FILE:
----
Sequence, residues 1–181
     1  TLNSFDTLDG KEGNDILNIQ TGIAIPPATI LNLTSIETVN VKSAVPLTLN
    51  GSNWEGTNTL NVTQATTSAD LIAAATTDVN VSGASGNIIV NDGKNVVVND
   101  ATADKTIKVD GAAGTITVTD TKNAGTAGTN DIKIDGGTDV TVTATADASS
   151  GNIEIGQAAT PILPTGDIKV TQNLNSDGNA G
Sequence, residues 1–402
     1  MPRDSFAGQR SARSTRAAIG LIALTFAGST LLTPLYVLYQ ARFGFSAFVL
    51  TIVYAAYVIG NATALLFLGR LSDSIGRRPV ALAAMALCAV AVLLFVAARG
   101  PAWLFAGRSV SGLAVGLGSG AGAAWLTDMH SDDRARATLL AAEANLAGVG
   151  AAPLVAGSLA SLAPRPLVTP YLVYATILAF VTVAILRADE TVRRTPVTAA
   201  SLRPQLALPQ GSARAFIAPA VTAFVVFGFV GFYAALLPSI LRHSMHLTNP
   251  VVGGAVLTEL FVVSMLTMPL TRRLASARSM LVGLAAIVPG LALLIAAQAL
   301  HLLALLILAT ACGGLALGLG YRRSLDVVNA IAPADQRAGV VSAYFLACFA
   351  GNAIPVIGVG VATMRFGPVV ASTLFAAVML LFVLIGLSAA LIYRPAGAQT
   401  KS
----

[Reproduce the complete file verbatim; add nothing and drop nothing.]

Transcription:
Sequence, residues 1–181
     1  TLNSFDTLDG KEGNDILNIQ TGIAIPPATI LNLTSIETVN VKSAVPLTLN
    51  GSNWEGTNTL NVTQATTSAD LIAAATTDVN VSGASGNIIV NDGKNVVVND
   101  ATADKTIKVD GAAGTITVTD TKNAGTAGTN DIKIDGGTDV TVTATADASS
   151  GNIEIGQAAT PILPTGDIKV TQNLNSDGNA G
Sequence, residues 1–402
     1  MPRDSFAGQR SARSTRAAIG LIALTFAGST LLTPLYVLYQ ARFGFSAFVL
    51  TIVYAAYVIG NATALLFLGR LSDSIGRRPV ALAAMALCAV AVLLFVAARG
   101  PAWLFAGRSV SGLAVGLGSG AGAAWLTDMH SDDRARATLL AAEANLAGVG
   151  AAPLVAGSLA SLAPRPLVTP YLVYATILAF VTVAILRADE TVRRTPVTAA
   201  SLRPQLALPQ GSARAFIAPA VTAFVVFGFV GFYAALLPSI LRHSMHLTNP
   251  VVGGAVLTEL FVVSMLTMPL TRRLASARSM LVGLAAIVPG LALLIAAQAL
   301  HLLALLILAT ACGGLALGLG YRRSLDVVNA IAPADQRAGV VSAYFLACFA
   351  GNAIPVIGVG VATMRFGPVV ASTLFAAVML LFVLIGLSAA LIYRPAGAQT
   401  KS